Using the example of television, it would seem to be that society is now breaking away from the older, more traditional and established social norms. Primarily, things like what your day job is, who you are and what you do for a living are meaningless and practically irrelevant. In my own life I meet so many people who I’m confident would rather be defined by their social activities (Writer, Wrestler or Social Media Influencer) than by their traditional day job. And in some cases I’m almost ashamed to say I don’t even know what that person’s “real” job is.

Now, I say real because we currently live in two worlds, one in the physical and the other in the digital. We’ve been escaping to this world for about 30 years now – either through gaming or vlogging or even in MMORPG – and we’ve perhaps been escaping to a virtual world even longer if you include Hollywood in the picture. But modern technological advances have meant that as the years go on we’ve found ways to become even more subversive. And yes, whilst we dream of electric sheep, we’ve actually become androids ourselves – submerging with our digital lives on an almost hourly basis – texting, posting, tweeting, swiping – mostly commonly through the artificial extension in your hand.

In the case of social media accounts, many people (myself included) now have at least two. One which represents their “real life” or their more personal account, the kind you want your parents to see, want colleagues in that job you’ve just taken to notice; and the other representing an identity, an idea, a fragment of what they want to be – or just representing the more ideal vision of themselves. If wrestlers play a character, that second profile is exactly that – kayfabe for the internet age. A heel or villain to mock fans, a face to thank fans. Just like an actor it can prove useful to be able to submerge in the identity. If that person is a writer, they might choose to be more streamlined and professional on their account, presenting links to their work and encouraging direct interaction and praise with their writing.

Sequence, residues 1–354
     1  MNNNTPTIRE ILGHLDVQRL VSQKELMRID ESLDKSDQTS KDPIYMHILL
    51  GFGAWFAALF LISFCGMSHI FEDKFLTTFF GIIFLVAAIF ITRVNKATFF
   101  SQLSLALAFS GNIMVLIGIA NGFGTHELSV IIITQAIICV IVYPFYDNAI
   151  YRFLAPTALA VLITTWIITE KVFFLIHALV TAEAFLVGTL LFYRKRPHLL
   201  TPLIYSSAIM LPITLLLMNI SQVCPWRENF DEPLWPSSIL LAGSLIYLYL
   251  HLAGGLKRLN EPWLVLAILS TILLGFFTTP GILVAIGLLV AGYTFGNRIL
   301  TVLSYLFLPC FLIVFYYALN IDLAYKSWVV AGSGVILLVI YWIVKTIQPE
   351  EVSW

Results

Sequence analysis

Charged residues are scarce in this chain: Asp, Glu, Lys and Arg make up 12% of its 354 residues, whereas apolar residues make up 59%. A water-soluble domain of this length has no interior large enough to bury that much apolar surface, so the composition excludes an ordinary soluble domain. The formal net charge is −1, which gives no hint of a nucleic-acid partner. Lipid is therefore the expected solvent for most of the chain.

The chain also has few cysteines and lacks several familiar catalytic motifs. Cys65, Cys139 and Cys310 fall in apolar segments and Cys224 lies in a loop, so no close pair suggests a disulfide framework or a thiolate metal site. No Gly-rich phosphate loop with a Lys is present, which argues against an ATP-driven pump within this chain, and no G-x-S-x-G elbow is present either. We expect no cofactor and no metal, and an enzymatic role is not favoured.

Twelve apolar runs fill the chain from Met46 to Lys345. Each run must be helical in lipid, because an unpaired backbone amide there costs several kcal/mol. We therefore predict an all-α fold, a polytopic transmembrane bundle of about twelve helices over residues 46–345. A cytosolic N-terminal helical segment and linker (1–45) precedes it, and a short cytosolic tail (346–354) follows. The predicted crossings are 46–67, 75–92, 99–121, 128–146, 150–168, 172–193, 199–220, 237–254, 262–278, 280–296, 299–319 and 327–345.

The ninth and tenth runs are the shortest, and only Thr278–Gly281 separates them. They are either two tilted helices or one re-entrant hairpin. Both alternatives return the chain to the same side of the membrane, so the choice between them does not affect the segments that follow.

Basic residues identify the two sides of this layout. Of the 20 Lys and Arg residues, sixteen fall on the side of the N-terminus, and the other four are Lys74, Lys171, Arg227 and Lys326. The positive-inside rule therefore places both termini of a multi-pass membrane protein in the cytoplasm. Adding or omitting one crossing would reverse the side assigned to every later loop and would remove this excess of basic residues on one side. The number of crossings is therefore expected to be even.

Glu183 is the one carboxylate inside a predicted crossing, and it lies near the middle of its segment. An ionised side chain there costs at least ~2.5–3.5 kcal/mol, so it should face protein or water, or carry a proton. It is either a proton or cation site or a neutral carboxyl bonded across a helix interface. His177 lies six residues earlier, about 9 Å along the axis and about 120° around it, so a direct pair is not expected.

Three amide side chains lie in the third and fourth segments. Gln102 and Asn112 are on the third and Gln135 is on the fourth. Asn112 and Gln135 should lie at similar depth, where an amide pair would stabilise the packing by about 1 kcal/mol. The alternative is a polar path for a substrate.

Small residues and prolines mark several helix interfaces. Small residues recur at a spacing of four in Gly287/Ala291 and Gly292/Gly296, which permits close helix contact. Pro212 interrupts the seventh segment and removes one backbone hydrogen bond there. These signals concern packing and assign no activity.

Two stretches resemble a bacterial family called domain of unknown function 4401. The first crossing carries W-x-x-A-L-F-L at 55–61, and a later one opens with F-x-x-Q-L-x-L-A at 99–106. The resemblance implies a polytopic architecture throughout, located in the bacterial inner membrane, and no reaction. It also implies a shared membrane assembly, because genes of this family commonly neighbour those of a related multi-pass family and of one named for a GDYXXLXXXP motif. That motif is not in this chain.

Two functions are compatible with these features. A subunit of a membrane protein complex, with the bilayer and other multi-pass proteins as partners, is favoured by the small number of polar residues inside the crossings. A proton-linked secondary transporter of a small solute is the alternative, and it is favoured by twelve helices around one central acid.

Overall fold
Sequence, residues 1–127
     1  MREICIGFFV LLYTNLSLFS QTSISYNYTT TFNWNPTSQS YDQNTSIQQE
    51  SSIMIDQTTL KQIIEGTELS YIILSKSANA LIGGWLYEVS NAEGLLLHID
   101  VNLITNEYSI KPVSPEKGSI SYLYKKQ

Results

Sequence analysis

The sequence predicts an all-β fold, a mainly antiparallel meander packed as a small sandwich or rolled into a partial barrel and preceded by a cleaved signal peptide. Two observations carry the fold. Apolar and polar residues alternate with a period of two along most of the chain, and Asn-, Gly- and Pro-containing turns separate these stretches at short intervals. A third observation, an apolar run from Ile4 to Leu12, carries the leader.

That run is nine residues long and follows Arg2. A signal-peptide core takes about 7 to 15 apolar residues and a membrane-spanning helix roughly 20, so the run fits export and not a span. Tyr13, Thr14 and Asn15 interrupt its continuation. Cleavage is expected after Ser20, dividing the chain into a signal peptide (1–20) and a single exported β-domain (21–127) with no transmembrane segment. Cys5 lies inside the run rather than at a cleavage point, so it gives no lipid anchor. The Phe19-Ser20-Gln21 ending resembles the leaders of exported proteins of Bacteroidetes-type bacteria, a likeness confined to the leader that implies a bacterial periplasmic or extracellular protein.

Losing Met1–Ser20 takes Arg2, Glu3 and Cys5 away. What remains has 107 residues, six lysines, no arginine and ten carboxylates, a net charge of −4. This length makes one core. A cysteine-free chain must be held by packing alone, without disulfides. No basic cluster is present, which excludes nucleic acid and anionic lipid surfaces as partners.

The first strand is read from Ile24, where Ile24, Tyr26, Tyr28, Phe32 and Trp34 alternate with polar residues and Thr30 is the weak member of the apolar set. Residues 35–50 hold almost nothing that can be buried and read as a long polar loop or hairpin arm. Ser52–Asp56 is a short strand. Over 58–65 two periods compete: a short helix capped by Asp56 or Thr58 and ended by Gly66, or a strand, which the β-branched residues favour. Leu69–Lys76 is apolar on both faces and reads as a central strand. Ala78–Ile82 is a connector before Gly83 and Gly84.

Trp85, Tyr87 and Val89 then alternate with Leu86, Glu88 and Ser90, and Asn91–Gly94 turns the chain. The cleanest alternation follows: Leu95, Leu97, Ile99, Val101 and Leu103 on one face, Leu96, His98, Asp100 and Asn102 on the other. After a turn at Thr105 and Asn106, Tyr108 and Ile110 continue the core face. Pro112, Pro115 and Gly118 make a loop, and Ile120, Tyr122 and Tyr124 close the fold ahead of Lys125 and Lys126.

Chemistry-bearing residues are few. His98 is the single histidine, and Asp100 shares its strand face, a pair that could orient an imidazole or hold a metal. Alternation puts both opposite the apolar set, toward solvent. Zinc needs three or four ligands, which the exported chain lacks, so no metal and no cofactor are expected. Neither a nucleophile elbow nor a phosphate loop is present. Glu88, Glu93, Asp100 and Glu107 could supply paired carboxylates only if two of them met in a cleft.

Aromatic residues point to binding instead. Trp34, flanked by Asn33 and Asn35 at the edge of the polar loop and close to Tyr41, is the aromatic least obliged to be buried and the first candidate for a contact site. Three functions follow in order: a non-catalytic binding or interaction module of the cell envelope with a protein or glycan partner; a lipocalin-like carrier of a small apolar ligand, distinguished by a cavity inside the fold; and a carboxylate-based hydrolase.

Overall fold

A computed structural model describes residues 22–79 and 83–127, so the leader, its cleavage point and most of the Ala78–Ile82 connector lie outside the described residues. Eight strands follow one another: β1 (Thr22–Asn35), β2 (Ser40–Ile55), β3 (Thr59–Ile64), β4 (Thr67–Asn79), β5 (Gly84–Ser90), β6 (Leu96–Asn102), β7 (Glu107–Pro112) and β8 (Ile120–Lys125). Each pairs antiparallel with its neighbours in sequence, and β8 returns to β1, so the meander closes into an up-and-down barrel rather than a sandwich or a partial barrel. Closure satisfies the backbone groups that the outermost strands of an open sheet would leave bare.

And who doesn’t enjoy friend requests? It’s a much wider question to ask what digital friend requests actually mean, but suffice to say we do like the idea that people have taken the time to reach out and extend a digital handshake. Those friend requests you receive may be from a singular account or a person with two accounts. Many times have I been offered a friend request from someone I’ve actually met in the real world, only to find it is not actually their active account, but a puppet account set up to promote their brand. An extension of a personalized marketing tool perhaps. We abhor racial segregation but we welcome digital segregation.

You have to be careful, granted, when your sexuality could be perceived as a potential issue – or when you feel the lifestyle choices or personal opinions you can control are not in kin with everyone (or even someone) else. We enter new jobs in a particular mode, playing a role, acting in a very specific way when absorbing new situations. And we all, no matter who we are, wear masks.